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BYOD and its impact on corporate security

The Bring Your Own Device (BYOD) trend has made the already very complex reality of corporate networks even more complicated. “Bring your own device” is part of the everyday work life in many places and it means that employees want to use popular devices such as smartphones, tablets or laptops on the corporate network. In order not to hinder productivity but, on the contrary, to increase it, many companies already support taking personal devices to work (and using them), as well as allowing access to secured corporate networks from home.

For IT administrators, this means that to the already existing challenges of network security, still more are being added. Because with the increasing use of personal devices, companies of all sizes have to contend with the problem of network bandwidth. Therefore, a company should proceed systematically and develop a reasonable strategy.

Benefits and Challenges for Companies, Employees and the IT Department

But despite the challenges, IT departments can also benefit from this trend. In times when the durability of electronic devices is reduced to a minimum, lifecycle management becomes a complex and obscure task. With BYOD, a part of this responsibility is transferred to the staff, causing extensive training to be unnecessary since employees are already familiar with working on their personal devices.

However, the separation of private and business data must be correctly defined, as well as secure access to the latter.

Typical Questions Companies Should Ask Themselves Concerning BYOD

  • How are applications installed and used with different operating systems?
  • How are a large number of devices and configurations dealt with?
  • Who is responsible for hardware, software, data and support?
  • What happens when a device fails?
  • How is control of all devices connected to the network retained?
  • How are corporate data protected against damage, abuse or even theft?
  • How are security policies implemented without compromising performance and ease of use?
  • Are the compliance requirements of the company met?

Companies assess many of these challenges as complex, risky and costly. But conversely, employees have very similar concerns when it comes to protecting their privacy and sensitive information from the employer.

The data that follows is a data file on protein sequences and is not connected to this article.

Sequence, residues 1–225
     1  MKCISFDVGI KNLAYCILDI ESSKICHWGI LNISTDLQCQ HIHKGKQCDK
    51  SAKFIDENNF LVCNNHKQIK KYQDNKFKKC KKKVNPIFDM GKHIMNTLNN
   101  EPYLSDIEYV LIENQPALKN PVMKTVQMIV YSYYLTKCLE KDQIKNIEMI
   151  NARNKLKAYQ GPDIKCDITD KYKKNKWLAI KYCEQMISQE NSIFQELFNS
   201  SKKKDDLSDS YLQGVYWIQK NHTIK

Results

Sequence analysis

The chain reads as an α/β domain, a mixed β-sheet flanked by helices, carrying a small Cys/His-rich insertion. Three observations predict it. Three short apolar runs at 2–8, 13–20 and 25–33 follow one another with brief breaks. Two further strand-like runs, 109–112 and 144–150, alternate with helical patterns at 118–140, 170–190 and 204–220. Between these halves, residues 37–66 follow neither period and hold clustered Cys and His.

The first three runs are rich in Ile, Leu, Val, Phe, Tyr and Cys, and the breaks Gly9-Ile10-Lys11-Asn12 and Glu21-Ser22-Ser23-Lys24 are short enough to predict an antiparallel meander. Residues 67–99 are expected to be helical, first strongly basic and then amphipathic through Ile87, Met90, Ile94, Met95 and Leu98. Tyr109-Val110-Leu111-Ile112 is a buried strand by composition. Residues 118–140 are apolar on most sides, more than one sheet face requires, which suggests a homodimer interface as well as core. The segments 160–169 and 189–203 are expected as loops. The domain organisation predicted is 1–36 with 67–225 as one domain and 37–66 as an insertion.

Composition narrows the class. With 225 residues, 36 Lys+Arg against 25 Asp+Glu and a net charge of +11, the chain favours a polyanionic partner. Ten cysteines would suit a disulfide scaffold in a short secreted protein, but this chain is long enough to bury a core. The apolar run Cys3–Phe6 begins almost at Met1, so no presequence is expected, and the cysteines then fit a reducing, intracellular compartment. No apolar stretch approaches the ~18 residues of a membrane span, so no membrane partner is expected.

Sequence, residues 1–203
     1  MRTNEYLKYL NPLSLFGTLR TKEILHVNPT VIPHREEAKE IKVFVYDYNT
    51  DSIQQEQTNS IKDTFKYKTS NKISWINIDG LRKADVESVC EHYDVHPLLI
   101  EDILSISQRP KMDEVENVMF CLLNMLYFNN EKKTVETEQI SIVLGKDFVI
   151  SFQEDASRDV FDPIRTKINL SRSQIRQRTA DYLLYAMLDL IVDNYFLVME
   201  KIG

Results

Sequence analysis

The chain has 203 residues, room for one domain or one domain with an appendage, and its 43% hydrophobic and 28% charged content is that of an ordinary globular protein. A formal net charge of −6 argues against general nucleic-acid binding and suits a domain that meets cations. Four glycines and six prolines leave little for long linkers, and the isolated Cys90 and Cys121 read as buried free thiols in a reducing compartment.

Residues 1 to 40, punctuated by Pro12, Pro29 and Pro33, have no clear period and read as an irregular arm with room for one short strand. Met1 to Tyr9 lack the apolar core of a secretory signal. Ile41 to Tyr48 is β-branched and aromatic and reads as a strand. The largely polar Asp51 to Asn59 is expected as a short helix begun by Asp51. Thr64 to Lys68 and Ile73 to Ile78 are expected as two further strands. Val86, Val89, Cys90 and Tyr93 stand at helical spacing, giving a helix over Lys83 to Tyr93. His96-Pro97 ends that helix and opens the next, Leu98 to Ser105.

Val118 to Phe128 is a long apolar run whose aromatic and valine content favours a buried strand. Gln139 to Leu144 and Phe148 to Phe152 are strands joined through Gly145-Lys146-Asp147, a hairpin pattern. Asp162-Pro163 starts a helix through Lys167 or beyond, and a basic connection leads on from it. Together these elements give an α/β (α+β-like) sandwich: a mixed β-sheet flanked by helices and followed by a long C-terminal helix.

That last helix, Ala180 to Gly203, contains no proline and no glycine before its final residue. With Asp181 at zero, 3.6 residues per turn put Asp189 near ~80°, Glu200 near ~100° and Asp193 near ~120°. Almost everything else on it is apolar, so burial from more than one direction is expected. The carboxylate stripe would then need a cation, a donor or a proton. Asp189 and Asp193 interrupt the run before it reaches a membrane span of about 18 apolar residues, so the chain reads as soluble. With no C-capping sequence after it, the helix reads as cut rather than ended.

Apps and Services

If BYOD had only to do with devices, the management of these could be reasonably coped with. But BYOD also includes an entirely new generation of small, downloadable cloud-based applications and services over which the Company has no control. Companies should therefore work out policies that are viable for all jointly with their staff. In this sense, the following questions should be answered:

  • What apps are being used currently and will be used in the future (by the company or the user)?
  • Is the company capable of identifying and blocking dangerous apps and malware?
  • Can access to the network be prevented when a blacklisted app has been installed or a jailbroken device is in use?
  • Which app stores are used and which may be used by employees?
  • Which cloud-based storage services are used?
  • What Apps and actions store sensitive data on private devices?
  • Should end-to-end encryption of data to be considered?
  • Should MAM (Mobile Application Management) and EMM (Enterprise Mobile Management) applications be considered?

Everything Starts with Security

In the sensitive area of security, the goal is to find a viable solution, because an all-round perfect solution unfortunately does not exist.

You should ask yourself the following questions in order to find an optimal balance between necessary security and practical working conditions:

  • What security and compliance problems with BYOD/mobile devices are already known?
  • Have company data been already got lost on devices or has a loss of data occurred?
  • How does the IT organisation prevent malware attacks on private devices and how is malware removed in case this happens?
  • Are employees aware of the security policies for mobile devices and data protection?
  • What compliance and privacy policies should be met?
  • Is there a separation between personal and business data?

Another Non-negligible Area Relates to Liability Issues

In order to show only some of the aspects to be considered, these are a few questions that require deeper consideration:

  • Who is liable in case of loss or theft of the device?
  • In what situation does the employee have a right to a refund or compensation?
  • Responsibilities for damage or loss of private devices: does it make a difference whether the device has been stolen or damaged at home, at work, or on a business trip?
  • Is the damage settled at a flat rate or individually?
  • What happens in the case of negligence?

What is clear: the issue of “Bring-Your-Own-Device” applies not only to the infrastructure or the challenges around security and feasibility. It is also related to the definition of strategies, technologies and policies that affect all departments and all employees. Managers of modern companies need to adapt to the fact that the worlds of work and private experience increasingly mix, and that reasonable, safe and viable solutions for BYOD will be indispensable.

The primary goal must always be to ensure the comprehensive protection of data, clients and networks within the company.

Image source: © www.einstellungstest-polizei-zoll.de /pixelio.de

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